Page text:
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Targeted mutagenesis in a human-parasitic nematode

Fig 3

Nicotine induces twitching in unc F1 iL3s.

(A) A nicotine assay for S. stercoralis iL3s. Free-living adult females were injected with CRISPR constructs targeting Ss-unc-22. F1 iL3s were collected and exposed to 1% nicotine. Wild-type iL3s gradually paralyzed over the course of 8 min, whereas unc F1 iL3s twitched continuously. Some, but not all, of the F1 iL3s contained putative Ss-unc-22 mutations and twitched in nicotine. (B) Twitching frequency of S. stercoralis wild-type iL3s and the F1 iL3s from microinjected females following nicotine exposure. For each condition, the Ss-unc-22 target site and delivery method of the CRISPR-Cas9 constructs are indicated. DNA = plasmid vector delivery; RNP = ribonucleoprotein complex delivery. The twitching frequency of F1 iL3s for all Ss-unc-22 target sites and delivery methods tested differed from that of wild-type iL3s (P<0.001, chi-square test with Bonferroni correction). Instances where twitching frequency differed between target sites or delivery methods are indicated. ***P<0.001, chi-square test with Bonferroni correction. n = 446–1,314 iL3s per condition. (C) CRISPR-Cas9-mediated mutagenesis of Ss-unc-22 requires a highly specific sgRNA. Plasmid vectors for the expression of Cas9 and a sgRNA targeting S. ratti site #2 were injected into S. stercoralis. The twitching phenotype in S. stercoralis F1 iL3s was not observed when the S. ratti version of site #2 was used. ***P<0.001, Fisher’s exact test. n = 484-677 iL3s for each condition. The alignment of S. stercoralis and S. ratti site #2 is shown with the PAM underlined. Asterisks indicate nucleotide differences between the S. stercoralis and S. ratti targets.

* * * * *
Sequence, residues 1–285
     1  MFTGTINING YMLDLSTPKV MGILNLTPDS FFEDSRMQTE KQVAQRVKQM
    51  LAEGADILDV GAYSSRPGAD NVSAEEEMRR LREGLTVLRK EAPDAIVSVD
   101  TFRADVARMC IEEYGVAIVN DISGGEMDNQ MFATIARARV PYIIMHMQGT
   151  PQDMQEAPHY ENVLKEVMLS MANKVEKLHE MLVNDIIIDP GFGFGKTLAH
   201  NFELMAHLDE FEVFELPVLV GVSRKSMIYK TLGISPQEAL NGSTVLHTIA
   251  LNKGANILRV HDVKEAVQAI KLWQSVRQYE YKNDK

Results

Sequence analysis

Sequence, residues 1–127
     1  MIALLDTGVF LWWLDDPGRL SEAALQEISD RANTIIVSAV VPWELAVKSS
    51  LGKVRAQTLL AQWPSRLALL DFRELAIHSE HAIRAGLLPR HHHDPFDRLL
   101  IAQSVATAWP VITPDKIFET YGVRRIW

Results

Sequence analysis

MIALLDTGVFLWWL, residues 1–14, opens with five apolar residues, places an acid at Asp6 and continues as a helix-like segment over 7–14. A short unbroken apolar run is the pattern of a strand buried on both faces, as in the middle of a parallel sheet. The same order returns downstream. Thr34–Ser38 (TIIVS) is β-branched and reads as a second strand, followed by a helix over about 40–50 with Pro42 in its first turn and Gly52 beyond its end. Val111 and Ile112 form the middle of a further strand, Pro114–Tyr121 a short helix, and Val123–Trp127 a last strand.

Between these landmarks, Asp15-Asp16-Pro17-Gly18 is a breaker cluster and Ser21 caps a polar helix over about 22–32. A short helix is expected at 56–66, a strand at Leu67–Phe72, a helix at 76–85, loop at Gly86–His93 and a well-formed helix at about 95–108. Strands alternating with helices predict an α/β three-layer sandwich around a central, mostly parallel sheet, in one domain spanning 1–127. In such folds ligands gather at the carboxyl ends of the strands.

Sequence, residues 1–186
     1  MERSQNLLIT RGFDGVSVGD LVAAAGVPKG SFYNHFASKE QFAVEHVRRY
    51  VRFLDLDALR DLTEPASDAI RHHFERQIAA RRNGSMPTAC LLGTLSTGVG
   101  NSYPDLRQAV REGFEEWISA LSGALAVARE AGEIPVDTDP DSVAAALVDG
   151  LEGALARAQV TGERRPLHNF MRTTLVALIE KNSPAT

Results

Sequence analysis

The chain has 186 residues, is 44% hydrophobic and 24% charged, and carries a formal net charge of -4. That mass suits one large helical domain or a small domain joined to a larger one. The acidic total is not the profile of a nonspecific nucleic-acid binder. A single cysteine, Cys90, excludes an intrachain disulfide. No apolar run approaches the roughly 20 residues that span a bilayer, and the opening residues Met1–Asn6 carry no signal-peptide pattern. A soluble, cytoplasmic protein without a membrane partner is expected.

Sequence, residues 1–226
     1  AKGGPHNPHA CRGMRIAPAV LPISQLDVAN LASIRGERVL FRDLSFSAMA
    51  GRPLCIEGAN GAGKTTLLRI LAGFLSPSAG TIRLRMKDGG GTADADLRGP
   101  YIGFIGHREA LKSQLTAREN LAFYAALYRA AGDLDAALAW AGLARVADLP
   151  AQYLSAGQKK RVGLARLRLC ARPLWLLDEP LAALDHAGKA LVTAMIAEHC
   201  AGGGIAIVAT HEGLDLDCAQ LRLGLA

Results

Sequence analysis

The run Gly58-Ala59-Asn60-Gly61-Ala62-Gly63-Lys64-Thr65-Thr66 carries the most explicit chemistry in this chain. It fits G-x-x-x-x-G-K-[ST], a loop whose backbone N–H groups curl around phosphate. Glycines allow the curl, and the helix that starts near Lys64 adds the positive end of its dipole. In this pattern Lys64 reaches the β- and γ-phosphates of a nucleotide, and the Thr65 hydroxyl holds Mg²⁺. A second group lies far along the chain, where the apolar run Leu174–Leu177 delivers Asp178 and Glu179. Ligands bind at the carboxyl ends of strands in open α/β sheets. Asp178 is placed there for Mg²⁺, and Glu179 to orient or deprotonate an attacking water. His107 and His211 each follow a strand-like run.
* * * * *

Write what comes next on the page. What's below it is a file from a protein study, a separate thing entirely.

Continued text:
Fig 3